In Mohammed’s apartment building, there is a real mix of Jews and Arabs. And they not only tolerate each other, they are friends. They socialise a lot together; they leave keys with each other for security.
He is a happy Israeli, even proud of his status, having cultivated a loving family environment. He quite obviously would not wish to move. Israel is their home.
Observations – all touched upon here and there in my ‘Letters’ –
Don’t ask him to place hand on heart to a flag that bears Jewish symbols, nor sing the National Anthem that ‘hopes’ for the betterment of the Zionist state. The ‘Nation State law’, introduced in July 2018, was, in the opinion of many, including me, an unnecessary reminder of this country’s status. The wording ‘Jewish State’ is unnecessary. We all know what the Israelis want, but it is better described as a ‘State for the Jews’. Both provide a home for Jews, but the latter is more tolerant to its non-Jewish citizens. Unlike most of the neighbouring Middle East countries, Israel always intended to be multi-religious, multi-cultural.
The fact that, for extremely obvious reasons, it always had and has to maintain a Jewish majority is a no-brainer. (Do I have to remind the World that, had Israel existed before WWII, say in 1917 with the Balfour Declaration, there would not have been a Holocaust).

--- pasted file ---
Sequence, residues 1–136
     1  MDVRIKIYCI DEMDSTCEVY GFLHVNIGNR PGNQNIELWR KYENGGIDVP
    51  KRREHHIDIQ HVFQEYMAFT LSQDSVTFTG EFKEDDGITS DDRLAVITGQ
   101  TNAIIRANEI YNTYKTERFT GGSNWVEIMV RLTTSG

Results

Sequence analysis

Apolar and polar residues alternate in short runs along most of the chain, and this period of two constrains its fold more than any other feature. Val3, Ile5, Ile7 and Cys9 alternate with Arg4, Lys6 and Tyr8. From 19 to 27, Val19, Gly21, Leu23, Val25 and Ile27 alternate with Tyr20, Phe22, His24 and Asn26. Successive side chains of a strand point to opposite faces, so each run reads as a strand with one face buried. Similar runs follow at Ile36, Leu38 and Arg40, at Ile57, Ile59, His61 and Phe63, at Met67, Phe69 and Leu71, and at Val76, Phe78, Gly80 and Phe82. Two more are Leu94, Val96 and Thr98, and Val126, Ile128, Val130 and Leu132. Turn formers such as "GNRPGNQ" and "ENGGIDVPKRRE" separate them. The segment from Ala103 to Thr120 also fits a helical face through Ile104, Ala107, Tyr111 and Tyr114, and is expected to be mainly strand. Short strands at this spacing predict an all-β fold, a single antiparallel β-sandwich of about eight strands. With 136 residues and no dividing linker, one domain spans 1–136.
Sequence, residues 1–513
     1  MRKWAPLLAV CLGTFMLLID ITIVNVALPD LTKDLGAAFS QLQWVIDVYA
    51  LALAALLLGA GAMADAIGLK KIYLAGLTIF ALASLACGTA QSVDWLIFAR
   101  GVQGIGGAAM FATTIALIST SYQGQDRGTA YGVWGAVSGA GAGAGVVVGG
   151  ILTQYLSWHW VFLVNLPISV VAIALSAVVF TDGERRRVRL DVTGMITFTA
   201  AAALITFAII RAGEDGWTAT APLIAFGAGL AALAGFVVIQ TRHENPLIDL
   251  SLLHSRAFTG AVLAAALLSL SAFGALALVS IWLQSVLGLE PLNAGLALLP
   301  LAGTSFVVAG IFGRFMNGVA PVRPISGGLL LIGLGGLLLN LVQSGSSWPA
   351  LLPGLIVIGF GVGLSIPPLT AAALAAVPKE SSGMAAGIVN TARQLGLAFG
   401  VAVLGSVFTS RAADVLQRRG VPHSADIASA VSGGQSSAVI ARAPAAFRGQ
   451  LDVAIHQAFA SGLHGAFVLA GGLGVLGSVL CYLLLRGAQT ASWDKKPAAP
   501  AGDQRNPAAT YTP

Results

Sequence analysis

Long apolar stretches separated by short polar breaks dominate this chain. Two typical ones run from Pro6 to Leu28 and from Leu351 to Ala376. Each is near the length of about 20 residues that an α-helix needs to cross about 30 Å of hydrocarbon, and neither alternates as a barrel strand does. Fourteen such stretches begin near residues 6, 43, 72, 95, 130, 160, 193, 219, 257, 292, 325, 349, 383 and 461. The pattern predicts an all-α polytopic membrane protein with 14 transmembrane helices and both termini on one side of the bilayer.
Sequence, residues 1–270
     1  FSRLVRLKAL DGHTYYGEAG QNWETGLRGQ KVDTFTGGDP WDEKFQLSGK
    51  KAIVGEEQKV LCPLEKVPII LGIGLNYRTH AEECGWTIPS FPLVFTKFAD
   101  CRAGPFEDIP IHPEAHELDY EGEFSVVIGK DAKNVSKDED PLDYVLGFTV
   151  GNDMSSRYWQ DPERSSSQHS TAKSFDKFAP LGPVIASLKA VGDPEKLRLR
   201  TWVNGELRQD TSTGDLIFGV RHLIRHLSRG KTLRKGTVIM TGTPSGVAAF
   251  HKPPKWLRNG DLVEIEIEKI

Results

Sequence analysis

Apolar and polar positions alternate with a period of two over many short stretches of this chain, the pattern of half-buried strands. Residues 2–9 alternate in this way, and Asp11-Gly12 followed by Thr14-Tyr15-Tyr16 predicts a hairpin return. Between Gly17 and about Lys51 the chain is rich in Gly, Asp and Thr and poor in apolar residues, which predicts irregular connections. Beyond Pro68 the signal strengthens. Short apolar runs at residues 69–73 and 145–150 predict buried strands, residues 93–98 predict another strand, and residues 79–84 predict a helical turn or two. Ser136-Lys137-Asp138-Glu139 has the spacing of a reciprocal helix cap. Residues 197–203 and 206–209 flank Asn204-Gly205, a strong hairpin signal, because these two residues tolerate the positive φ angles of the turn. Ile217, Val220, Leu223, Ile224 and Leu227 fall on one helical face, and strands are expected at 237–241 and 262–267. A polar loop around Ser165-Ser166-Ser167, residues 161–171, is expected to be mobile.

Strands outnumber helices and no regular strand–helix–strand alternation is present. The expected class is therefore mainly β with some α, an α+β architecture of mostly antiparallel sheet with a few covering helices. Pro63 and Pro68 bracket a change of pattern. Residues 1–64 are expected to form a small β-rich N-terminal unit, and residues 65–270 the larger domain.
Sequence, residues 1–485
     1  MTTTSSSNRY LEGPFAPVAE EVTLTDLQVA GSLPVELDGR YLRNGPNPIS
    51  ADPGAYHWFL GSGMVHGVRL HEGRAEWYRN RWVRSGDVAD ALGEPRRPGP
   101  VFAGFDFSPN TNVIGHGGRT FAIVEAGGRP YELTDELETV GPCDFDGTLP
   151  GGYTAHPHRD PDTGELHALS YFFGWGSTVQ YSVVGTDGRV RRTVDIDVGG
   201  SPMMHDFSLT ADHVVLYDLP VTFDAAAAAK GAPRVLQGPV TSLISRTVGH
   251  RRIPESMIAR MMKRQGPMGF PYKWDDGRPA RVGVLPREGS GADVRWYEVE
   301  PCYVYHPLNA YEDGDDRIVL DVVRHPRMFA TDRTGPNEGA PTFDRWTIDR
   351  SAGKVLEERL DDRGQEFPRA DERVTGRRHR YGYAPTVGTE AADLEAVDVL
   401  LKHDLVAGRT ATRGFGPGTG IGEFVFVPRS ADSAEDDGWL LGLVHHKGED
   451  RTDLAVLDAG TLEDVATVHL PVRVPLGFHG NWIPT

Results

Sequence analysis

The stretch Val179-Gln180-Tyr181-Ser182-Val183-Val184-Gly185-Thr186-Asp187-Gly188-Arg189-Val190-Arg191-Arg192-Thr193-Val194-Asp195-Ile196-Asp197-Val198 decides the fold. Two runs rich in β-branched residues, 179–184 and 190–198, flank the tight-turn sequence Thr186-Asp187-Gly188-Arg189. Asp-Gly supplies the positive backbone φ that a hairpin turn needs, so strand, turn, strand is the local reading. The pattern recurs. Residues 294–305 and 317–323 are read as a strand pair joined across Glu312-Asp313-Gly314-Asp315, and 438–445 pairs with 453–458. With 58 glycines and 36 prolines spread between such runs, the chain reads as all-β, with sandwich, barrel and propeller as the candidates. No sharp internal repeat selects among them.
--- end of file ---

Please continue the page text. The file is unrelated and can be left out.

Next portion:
Yes of course he has much to complain about here. But he realises – he knows – that his people, his community, are in the same boat as other minorities here. They just happen to be Jewish – such as the Ethiopian and the Russian Jews, our most recent immigrants. That’s the same the World over.
Mohammed is critical of the Palestinian and other Arab leaders. For it is quite obvious that, since the establishment of Israel in 1948, despite the wars, the attrition, the various anti-Semitic and/or anti-Zionist activities, Israel is a thriving country. Just about every tourist will attest to that.
He agrees that this is where Gaza and the West Bank could have been. There were multiple opportunities to co-operate, and all were missed.
I could go on – and perhaps will. I am hoping that Mohammed and I keep in good touch, and we could be a good example of the quietly-growing ‘peace and security’ to which so many, including the Trump Plan, refer.
Mohammed is a proud Israeli; just don’t ask him to go out and wave the flag in order to prove it. (I didn’t get to ask him, but I am sure he is in favour of Arabs performing some form of National Service – just not having to serve in the Army).
He is part of that silent majority. No matter how much I want it, they cannot be asked to stick their necks out and become activists, for then, under today’s circumstances, they would be putting their lives on the line. Like Sadat and Rabin.
You may not see it now. But I believe that this is why the Trump plan is important. For it forces us to look at the problem from a totally different direction. In fact, it illustrates exactly why a Palestine does not exist, nor cannot under the current circumstances. But it also lays out clearly how it can be achieved. The silent majority proves this.
So, finally, I can send you my ‘Letter’ on that subject….tomorrow.